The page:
Renal pedicle injury consists of renal artery or major vein laceration, avulsion, or thrombosis. An associated extraperitoneal hematoma is common. In some centers angiography is the imaging modality of choice with suspected renal pedicle injury; in others CT is preferred. The lack of contrast enhancement of renal parenchyma is a hallmark of pedicle injury, a finding that is not always reliable. Some patients have partial parenchymal enhancement in spite of main renal artery and vein disruption, at times due to an intact accessory renal artery, extensive capsular collaterals or even flow being maintained by an adjacent hematoma. Computed tomographic detection of an extensive extraperitoneal hematoma is common with a pedicle injury.
Radiology images of aortography in this patient after a motorcycle accident reveals complete left renal artery occlusion (arrow) due to a subintimal tear. No renal function was evident. No extravasation was seen.
An arterial intimal tear can initially lead to an intimal flap and evolve into a thrombus. Extensive involvement results in a lack of perfusion and excretion by the kidney involved, although distal ischemia is usually segmental rather than the entire kidney being involved. Occlusion of the main renal artery or of a main branch is equally well seen either by contrast-enhanced helical CT or angiography in most, but not all, patients. Occasionally helical CT identifies an abrupt cut-off to the renal artery. Contrastenhanced helical CT should also detect any pseudoaneurysms.
Retrograde flow of IV contrast into the renal vein suggests renal artery obstruction. Avulsion results in renal infarction. A hematoma surrounds the site of rupture and at times a postcontrast study detects contrast extravasation. Renal artery thrombosis or renal pedicle avulsion should be suspected with postcontrast nonvisualization of a kidney, although an absent kidney, vascular spasm, or simply an ectopic kidney outside the imaged field results in similar findings.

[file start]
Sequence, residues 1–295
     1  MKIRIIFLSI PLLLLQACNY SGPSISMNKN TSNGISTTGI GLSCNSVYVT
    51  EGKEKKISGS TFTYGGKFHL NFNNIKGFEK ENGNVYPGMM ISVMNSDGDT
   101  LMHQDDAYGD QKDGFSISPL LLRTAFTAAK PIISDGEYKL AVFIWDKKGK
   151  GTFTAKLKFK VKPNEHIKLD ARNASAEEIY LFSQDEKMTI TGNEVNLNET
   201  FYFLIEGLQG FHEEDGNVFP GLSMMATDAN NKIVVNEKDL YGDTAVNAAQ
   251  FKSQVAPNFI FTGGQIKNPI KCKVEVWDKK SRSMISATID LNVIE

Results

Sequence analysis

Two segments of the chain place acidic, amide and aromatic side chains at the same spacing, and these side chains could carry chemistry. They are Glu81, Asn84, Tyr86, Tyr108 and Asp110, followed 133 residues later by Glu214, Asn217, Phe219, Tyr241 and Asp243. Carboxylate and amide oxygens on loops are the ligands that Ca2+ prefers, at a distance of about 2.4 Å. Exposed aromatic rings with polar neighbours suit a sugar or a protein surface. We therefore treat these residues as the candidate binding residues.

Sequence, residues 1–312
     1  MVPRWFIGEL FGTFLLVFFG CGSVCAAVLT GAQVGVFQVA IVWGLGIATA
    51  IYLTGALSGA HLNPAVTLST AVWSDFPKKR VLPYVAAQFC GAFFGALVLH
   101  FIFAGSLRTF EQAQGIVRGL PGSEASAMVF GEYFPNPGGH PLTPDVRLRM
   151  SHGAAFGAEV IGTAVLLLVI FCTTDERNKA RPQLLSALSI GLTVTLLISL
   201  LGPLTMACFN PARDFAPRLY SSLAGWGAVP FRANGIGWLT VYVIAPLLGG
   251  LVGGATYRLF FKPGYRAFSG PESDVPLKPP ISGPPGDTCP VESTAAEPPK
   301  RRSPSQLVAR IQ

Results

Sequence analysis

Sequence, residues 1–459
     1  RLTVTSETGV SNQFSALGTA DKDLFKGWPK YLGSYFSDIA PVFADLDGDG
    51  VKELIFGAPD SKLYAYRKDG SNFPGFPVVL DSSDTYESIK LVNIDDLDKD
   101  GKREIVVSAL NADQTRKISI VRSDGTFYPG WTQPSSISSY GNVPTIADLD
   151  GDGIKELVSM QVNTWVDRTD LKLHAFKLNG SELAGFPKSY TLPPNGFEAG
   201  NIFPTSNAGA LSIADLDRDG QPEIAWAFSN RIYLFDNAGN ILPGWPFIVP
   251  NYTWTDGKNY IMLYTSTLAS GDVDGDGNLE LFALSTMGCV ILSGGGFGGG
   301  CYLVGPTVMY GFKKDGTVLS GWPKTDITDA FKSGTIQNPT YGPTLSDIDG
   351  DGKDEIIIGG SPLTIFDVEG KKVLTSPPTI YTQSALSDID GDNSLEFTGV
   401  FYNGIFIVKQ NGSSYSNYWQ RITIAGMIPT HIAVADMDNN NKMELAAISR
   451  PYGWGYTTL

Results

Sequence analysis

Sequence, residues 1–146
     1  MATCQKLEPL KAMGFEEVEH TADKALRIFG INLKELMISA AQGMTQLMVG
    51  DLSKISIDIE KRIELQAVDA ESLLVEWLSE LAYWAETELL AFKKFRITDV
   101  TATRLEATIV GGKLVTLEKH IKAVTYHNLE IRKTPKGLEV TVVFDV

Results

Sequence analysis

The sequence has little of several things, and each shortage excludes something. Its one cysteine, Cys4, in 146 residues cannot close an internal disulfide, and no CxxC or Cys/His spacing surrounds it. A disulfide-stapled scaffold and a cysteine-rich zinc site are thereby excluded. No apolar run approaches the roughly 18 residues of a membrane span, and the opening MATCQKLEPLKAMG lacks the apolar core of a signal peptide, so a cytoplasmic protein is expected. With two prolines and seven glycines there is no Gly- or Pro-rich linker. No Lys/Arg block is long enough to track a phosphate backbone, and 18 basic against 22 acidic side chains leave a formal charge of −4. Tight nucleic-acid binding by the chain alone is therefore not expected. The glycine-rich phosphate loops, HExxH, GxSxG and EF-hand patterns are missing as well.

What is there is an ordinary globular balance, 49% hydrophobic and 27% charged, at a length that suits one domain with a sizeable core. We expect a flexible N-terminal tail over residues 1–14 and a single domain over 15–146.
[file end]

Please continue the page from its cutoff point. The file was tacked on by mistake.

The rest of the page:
Ultrasonography of some renal pedicle ruptures is initially noncontributory, and either CT or renal arteriography is required to exclude major pedicle injury. Occasionally occult renal injury results in posttraumatic arterial hypertension. Whether computed tomography angiography (CTA) or arteriography should be performed is debatable, although arteriography is considered to be the gold standard. Renal artery or major branch laceration or intrarenal artery constriction is detected in some of these patients.
Renal vein thrombosis results in an enlarged kidney and a delayed and diminished nephrogram. Renal vein laceration leads to a perinephric hematoma that tends to mask the seriousness of an underlying vascular injury. Quite often CT suggests a laceration only indirectly if a follow-up scan reveals an increasing perinephric hematoma.
A rather conservative therapeutic approach is evolving for CT-detected renal trauma in stable patients. For similar injuries some urologists favor exploration while others manage them conservatively as long as the patient is hemodynamically stable.When contemplating nephrectomy versus conservative therapy of a damaged kidney, a postcontrast CT finding of enhancing parenchymal rim, even if thin, and excretion of contrast into calyces should suggest a more conservative approach. Percutaneous interventional techniques suffice for some complications. With continued bleeding, after diagnostic angiography establishes a site of hemorrhage in patients with traumatic kidney injury, transarterial superselective embolization should stop the bleeding in most patients. Most localized extravasations resolve spontaneously. On the other hand, patients with renal pedicle trauma require prompt revascularization to avoid future kidney loss.
Most unrecognized complications manifest within the first 4 weeks of injury; the exceptions are hypertension, hydronephrosis due to partial obstruction, infected urinoma, and pyelonephritis. A devitalized kidney segment predisposes to subsequent infection. Injuries to the main renal artery are treated either by surgical revascularization or conservatively. Percutaneous insertion of an endovascular stent suffices for some vascular injuries. Posttherapy hypertension can be due to either an initial injury or a therapy complication. Posttherapy renal function can be confirmed by scintigraphy.
4/ 5Oleh Habifa